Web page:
From the creators of Duke Nukem 3D comes a retro shooter that looks and plays like it’s 1996, but is that really such a good idea?
Creating new games in a retro style is by new means a new concept. It’s almost become one of the clichés of indie gaming, along with roguelikes and Metroidvanias, but one most people are happy to embrace given the quality of titles such as the recent Blazing Chrome, which was heavily inspired by Contra III (aka Super Probotector). Retro style 2D platformers are commonplace but back in the 90s only four short years separated Contra III from Duke Nukem 3D and yet making a new game in the latter’s style somehow seems a much stranger thing to want to do. But we’re glad they did it anyway.
The they in question is none other than 3D Realms, the original creators of Duke Nukem 3D who, despite all their best efforts, are still going today. But while faux retro games often expand past the limitations of the era they’re paying homage to (Blazing Chrome would never look that good if it actually was a SNES game) Ion Fury has been made using the same Build engine as the original Duke Nukem 3D, by a team of ex-modders called Voidpoint.
In every respect this looks, plays, and sounds like a first person shooter made in the mid-90s. And in a sense that’s all you need to know about it. If you remember such things from the first time round you’ll find this a jarring but enjoyable hit of nostalgia, but if you don’t then you might begin to wonder how the genre ever got to where it is today…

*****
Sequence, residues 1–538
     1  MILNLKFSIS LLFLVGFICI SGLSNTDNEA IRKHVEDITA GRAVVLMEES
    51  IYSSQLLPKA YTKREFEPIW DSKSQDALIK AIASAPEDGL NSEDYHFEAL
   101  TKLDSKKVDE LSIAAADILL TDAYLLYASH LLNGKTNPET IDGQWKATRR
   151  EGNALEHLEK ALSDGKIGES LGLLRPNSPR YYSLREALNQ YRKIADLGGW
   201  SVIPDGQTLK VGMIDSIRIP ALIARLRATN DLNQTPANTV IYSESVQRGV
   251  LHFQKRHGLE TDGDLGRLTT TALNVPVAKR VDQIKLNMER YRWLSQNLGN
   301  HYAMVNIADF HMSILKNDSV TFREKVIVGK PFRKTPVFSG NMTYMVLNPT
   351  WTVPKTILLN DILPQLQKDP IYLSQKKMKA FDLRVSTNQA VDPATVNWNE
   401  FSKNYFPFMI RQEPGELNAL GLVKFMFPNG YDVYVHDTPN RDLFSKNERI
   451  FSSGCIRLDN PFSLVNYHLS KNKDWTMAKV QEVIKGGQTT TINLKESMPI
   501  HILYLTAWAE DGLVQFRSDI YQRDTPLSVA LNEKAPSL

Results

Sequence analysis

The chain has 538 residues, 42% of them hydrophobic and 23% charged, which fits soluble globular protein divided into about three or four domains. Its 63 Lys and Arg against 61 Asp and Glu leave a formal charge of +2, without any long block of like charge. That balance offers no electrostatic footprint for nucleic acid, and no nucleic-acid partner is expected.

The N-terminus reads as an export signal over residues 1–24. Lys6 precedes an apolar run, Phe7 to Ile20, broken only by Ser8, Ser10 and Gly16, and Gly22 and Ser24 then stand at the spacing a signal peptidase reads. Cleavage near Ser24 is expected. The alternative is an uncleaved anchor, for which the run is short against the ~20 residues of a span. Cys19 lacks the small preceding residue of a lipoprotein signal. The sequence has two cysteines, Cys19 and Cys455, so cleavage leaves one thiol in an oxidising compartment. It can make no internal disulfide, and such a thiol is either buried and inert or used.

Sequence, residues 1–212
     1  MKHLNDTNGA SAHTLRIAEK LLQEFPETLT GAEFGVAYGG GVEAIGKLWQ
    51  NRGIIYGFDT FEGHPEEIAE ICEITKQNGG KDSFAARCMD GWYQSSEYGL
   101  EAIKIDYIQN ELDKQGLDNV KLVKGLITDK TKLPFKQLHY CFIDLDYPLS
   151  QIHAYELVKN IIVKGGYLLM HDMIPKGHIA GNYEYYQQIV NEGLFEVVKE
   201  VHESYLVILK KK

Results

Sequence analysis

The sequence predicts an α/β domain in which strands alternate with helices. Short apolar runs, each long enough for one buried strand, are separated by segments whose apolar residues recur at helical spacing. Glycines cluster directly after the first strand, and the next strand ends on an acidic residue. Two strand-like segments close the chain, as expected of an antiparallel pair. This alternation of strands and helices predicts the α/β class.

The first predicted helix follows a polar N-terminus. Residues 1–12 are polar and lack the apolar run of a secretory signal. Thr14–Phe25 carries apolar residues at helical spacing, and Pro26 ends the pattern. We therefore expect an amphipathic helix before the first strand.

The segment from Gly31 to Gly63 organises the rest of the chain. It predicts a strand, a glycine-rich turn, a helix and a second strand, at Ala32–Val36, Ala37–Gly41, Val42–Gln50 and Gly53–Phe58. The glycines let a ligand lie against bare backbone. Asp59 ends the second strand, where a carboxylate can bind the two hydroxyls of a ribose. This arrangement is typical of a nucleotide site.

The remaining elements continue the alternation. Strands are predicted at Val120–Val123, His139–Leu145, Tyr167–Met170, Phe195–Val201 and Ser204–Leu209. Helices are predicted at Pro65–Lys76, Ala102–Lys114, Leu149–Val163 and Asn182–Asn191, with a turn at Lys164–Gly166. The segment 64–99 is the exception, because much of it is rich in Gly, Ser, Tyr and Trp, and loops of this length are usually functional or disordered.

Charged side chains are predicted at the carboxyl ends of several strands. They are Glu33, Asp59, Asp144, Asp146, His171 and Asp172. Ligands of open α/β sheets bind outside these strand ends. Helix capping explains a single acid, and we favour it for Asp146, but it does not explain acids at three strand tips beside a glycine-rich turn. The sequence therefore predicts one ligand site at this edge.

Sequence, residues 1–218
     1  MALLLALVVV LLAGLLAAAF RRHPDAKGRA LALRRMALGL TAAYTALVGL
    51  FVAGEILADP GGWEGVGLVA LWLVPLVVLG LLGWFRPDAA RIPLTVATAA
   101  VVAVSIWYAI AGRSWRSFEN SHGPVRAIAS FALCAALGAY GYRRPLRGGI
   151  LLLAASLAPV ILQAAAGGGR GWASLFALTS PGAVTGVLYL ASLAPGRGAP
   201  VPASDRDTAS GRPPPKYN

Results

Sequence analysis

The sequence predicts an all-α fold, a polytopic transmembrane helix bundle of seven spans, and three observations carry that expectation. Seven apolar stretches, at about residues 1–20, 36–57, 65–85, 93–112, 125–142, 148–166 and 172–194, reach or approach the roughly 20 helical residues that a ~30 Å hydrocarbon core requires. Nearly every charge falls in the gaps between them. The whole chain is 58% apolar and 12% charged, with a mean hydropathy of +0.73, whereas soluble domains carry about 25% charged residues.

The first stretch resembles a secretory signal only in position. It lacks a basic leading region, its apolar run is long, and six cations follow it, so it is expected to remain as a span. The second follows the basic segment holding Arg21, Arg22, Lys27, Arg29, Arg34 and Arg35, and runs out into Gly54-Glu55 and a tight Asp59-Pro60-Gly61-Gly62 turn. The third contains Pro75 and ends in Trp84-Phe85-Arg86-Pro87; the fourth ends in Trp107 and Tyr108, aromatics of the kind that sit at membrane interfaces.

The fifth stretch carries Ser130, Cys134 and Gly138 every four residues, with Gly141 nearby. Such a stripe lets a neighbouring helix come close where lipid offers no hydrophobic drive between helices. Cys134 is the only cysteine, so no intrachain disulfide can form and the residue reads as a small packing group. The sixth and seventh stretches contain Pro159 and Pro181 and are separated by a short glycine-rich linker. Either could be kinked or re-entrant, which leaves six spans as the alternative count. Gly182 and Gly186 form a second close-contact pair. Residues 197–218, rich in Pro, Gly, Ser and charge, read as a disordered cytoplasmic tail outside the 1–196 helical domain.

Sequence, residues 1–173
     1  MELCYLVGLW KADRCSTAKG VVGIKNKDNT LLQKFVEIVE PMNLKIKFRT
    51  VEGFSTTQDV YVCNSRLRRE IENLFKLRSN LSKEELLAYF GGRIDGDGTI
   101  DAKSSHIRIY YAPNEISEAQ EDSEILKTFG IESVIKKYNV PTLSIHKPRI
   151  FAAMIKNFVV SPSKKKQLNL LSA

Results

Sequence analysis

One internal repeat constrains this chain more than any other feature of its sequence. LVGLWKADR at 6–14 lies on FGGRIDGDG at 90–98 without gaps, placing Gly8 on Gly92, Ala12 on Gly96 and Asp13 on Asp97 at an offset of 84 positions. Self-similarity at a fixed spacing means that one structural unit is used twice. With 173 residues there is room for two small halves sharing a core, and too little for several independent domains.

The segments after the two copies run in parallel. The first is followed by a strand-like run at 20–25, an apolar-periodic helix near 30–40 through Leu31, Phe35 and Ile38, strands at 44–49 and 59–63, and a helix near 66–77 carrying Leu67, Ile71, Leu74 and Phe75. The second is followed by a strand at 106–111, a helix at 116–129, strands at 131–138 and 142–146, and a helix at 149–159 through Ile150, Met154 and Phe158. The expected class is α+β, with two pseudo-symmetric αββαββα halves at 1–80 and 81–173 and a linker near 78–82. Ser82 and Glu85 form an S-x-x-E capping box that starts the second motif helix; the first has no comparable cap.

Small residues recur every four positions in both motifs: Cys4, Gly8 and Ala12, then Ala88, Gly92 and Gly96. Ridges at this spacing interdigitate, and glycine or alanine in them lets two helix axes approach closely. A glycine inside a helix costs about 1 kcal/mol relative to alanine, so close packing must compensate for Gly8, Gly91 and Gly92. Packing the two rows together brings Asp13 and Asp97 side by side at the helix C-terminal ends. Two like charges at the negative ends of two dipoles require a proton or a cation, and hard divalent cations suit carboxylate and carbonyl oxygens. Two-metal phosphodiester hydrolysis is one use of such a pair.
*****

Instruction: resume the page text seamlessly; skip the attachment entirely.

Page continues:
When first person shooters first came into existence, they were almost all extremely fast-paced games with little to no tactical nuance. Duke Nukem 3D added much larger and more interactive maps but they were still basically shooting galleries, with no real puzzles or other gameplay elements. Things started to change when consoles became powerful enough to run them, with 1997’s GoldenEye 007 introducing the idea of slower-paced, more realistic gameplay – a year before Half-Life changed things forever on PC.
But it’s the point before that sea change that Ion Fury is nostalgic for, and so the game casts you as bomb disposal expert Shelly ‘Bombshell’ Harrison who takes on an army of cybernetically-enhanced soldiers for what can only be described as reasons. The script is as dated as the gameplay, with Bombshell spouting movie quotes and crass insults just like a female Duke Nukem. It would’ve been nice if the script showed a little more self-awareness, but like the rest of the game it has a ruthless sense of historical authenticity.
Despite what the name implies, Duke Nukem wasn’t fully 3D and while you could look up and down (which you couldn’t do in Doom) it wasn’t until The Terminator: Future Shock in 1995 (Quake was a full year later) that games started to use 3D polygons for both enemies and the environment. Which means that Ion Fury’s bad guys are all just 2D sprites. They’re still a wonderfully weird collection of humanoids, cyborg insects, and stompy robots though and despite the technical limitations the backdrops can look surprisingly complex in terms of detail and lighting.